The second annual Jeremy’s Jump, a 10-hour relay jump-a-thon, will be Nov. 16 at Sky High Sports in Pineville.
The event is a way to honor the memory of Jeremy Alpern, promote acceptance of children and teens with special needs and raise money for the Friendship Circle.
The Friendship Circle is an international outreach program that helps “children with special needs discover talents and skills nobody thought they had, and teens who volunteer learn how to appreciate life, be nonjudgmental and see others for who they really are,” said Stonehaven resident Bentzion Groner, 31, director of Friendship Circle.
Friendship Circle teen volunteer and former Charlotte resident Caley Coughlan, 14, founded Jeremy’s Jump last year to honor the memory of her special friend and bowling buddy who passed away at age 41 in February 2013.
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In 2012 Caley had been paired with Jeremy, who had special needs, and they had gone bowling once a week for four weeks.
“Even though (Jeremy) couldn’t walk, talk or even throw his own bowling ball, together we had a blast,” Caley said. “I could tell he loved it by his great smile and his sounds.”
When she heard that he had passed away, Caley was moved to create something positive in his honor. Jeremy’s Jump was the result, and the inaugural Jeremy’s Jump raised $7,000 for Friendship Circle programs, which included cooking, music, art, sports, martial arts, bowling, and Friends@Home.
Although Caley moved to Denver, Colo., with her family over the summer, she felt so passionate about raising money for the Friendship Circle that she decided to help plan the second annual jump-a-thon via conference calls and emails with the organizers, Groner, Rochel Groner, Peggy Humphries and Janice Cantor, Jeremy’s mother. Caley said she plans to drive in for the event.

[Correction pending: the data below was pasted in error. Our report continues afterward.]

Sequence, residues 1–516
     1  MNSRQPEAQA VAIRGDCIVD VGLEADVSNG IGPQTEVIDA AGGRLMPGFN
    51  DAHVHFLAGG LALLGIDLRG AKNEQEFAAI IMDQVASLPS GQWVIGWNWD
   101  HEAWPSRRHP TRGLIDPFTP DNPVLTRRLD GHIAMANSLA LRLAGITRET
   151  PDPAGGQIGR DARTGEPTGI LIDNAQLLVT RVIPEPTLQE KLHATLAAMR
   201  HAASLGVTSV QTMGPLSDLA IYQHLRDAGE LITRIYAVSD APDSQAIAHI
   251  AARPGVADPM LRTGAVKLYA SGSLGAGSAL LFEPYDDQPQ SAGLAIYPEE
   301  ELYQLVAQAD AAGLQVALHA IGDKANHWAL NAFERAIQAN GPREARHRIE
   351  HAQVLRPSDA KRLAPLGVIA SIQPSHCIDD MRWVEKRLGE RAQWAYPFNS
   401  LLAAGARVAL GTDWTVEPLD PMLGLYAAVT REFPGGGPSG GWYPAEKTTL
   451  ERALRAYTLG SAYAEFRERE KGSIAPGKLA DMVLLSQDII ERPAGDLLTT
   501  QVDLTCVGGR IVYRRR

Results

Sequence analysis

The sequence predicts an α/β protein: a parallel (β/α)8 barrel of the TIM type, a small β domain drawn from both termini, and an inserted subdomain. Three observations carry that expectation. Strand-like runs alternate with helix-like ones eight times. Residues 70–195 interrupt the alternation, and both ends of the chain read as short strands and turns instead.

“I want people all over the world to be aware of the impacts Jeremy had on me, and I want everyone to raise money for Friendship Circle,” Caley said. “I want Jeremy’s Jump to be worldwide and have it all benefit Friendship Circle and the people involved.”
On Nov. 16, Sky High Sports will be available to the jumpers for 10 hours. Owner Alan Davis donated the use of the facility and has added a ropes course, a laser maze, and other fun things for the jumpers to enjoy.
From 10 a.m. until noon, preschool-aged kids will jump. From noon until 4 p.m., the whole family can jump, and from 4-6 p.m., the jumping is open for all ages. The 6-8 p.m. time slot has been reserved for teenagers.
Also new this year is an Awareness Pledge.
“This year we’ve renewed our focus on spreading awareness for children and young adults with special needs by asking jumpers and supporters to make an Awareness Pledge to look out for those who may seem lonely and in need of a friend,” Groner said.
Oona Erickson, 8, jumped last year and plans to jump again.
“I wanted to help raise money for special needs kids to go to camp,” Oona said. “When I got there and did it, I thought it was so fun to do too. I wanted to do it again this year.”
“Next year Caley hopes to start a Jeremy’s Jump in Colorado to raise money for special needs children in her new community,” Cantor said. “My daughter, Aviva, is hoping to get a Jump going next year in Wisconsin, where she resides. We are slowly working toward our goal of having many Jumps in many cities in memory of my Jeremy.”